8 Things You Didn’t Know About the Haunted Mansion Ride


The Haunted Mansion is easily one of the most iconic attractions in Disneyland. The home to 999 haunts, the ride is known for its riveting tours of the haunted estate, which are given in special vehicles called “Doom Buggies.”

Don’t be put off by the fact that it is slow-moving—the attraction is bound to offer an immersive experience with its wide array of special effects.

Currently, the Haunted Mansion ride can be found at three different Disney parks—Disneyland, Magic Kingdom, and Tokyo Disneyland.

Two similarly themed rides, the Mystic Manor and Phantom Manor can be enjoyed at Hong Kong Disneyland and Disneyland Paris, respectively.

1. A Film Based on the Haunted Mansion was Released in 2003

A movie based on the Haunted Mansion Ride was released in 2003.

In 2003, Walt Disney Pictures released a film titled, The Haunted Mansion starring Eddie Murphy. Based on the attraction, the title centers around a family who finds themselves trying to escape from the haunted estate.

Despite the fact that it grossed over $182 million at the box office, however, the movie was critically panned by critics—most of whom agreed that it was simply not scary at all.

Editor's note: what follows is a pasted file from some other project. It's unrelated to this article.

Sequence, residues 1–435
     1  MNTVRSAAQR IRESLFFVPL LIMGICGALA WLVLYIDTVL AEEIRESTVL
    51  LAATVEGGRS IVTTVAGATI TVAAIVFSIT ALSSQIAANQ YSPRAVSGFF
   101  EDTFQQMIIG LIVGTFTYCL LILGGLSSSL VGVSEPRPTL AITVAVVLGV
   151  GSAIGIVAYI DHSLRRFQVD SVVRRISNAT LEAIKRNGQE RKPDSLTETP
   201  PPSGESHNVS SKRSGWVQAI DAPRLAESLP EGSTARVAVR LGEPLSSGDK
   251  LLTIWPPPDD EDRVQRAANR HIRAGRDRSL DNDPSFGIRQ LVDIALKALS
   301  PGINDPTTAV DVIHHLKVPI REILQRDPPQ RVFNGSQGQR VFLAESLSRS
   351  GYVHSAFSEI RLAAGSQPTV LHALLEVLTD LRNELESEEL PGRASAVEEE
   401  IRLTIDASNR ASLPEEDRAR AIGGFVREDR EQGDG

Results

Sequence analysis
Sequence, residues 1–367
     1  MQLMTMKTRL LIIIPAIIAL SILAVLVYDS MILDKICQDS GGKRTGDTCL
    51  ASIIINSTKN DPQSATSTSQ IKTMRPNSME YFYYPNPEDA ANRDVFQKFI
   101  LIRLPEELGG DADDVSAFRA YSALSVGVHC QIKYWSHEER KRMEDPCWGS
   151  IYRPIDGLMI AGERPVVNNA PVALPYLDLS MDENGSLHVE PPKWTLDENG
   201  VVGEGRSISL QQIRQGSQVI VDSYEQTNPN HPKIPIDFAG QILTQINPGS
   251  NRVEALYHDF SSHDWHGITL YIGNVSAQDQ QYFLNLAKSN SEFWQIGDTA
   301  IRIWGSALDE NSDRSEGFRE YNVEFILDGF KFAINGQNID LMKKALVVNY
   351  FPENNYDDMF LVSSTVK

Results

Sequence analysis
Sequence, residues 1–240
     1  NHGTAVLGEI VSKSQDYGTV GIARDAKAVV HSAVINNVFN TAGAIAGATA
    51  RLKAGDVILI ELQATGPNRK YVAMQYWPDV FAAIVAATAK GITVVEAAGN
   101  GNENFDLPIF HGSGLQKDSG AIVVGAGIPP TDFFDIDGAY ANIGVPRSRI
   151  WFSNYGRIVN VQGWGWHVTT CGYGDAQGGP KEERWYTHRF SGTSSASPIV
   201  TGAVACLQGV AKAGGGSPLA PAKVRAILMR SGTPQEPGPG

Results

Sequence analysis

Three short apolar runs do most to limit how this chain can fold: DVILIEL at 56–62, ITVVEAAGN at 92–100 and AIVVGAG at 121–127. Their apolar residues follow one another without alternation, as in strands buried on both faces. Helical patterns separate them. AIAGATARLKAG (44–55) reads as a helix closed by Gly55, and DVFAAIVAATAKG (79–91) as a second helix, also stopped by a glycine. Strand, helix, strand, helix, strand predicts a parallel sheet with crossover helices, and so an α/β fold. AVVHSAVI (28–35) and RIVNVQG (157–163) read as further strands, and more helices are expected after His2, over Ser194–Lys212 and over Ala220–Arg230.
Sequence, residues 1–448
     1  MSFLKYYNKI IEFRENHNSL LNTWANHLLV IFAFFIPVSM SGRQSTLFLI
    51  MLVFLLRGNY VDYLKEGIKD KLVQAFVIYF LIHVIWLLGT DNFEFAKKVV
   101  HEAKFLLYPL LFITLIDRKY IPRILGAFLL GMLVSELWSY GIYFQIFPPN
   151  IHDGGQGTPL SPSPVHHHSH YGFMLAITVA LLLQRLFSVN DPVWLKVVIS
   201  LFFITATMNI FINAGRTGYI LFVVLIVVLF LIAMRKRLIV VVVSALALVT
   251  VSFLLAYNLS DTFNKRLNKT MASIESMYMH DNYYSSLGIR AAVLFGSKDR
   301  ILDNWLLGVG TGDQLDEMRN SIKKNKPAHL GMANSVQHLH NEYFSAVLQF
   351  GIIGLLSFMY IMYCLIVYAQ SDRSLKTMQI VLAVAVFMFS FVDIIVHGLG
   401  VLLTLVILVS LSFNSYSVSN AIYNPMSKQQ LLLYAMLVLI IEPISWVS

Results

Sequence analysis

2. The “Haunted Mansion” in Paris is Significantly Darker

The Phantom Manor is considerably more sinister compared to its counterparts at the other parks.

In Paris, the Haunted Mansion is known as the “Phantom Manor”. If you’ve ever gone on the attraction, you’ll know that it’s considerably darker compared to its global counterparts.

For one thing, its premise is different in that it revolves around a young bride whose fiance had committed suicide on their wedding day.

Not only that, but the mansion itself looks like something that you’d see in a horror film. Inside, the vibe is also spookier with several creepy-looking skeletons scattered throughout.

3. The Haunted Mansion Receives a Makeover For Christmas

Holiday Haunted Mansion features a variety of jack-o-lantern decorations.

During the Christmas season, the Haunted Mansion is transformed into the Haunted Mansion Holiday at Disneyland and Tokyo Disneyland.

For the conversion, they generally close the ride for a few weeks at the end of the summer, during which they put on the overlay; the attraction is then open from late-September to January.

Noticeable Differences:

  • Haunted Mansion Holiday retells the story of Jack Skellington, who visits the mansion on Christmas Eve
  • Haunted Mansion Holiday features different decorations such as candles and jack-o-lanterns; Jack’s sleigh can also be seen on the roof
  • Haunted Mansion Holiday features a completely different soundtrack
  • Madame Leota recites the “Thirteen Days of Christmas” in the Seance Room

4. The Haunted Mansion exists as the “Mystic Manor” in Hong Kong Disneyland

Hong Kong Disneyland features the Mystic Manor—a re-imagined version of the Haunted Mansion.

The Haunted Mansion isn’t quite as haunted in Hong Kong Disneyland, where it’s known as the Mystic Manor. In fact, it gives off an entirely different vibe with its fantasy-based theme.

Due to differences in Chinese culture, the ride does not make any reference to the afterlife, nor does it mention anything about departing spirits.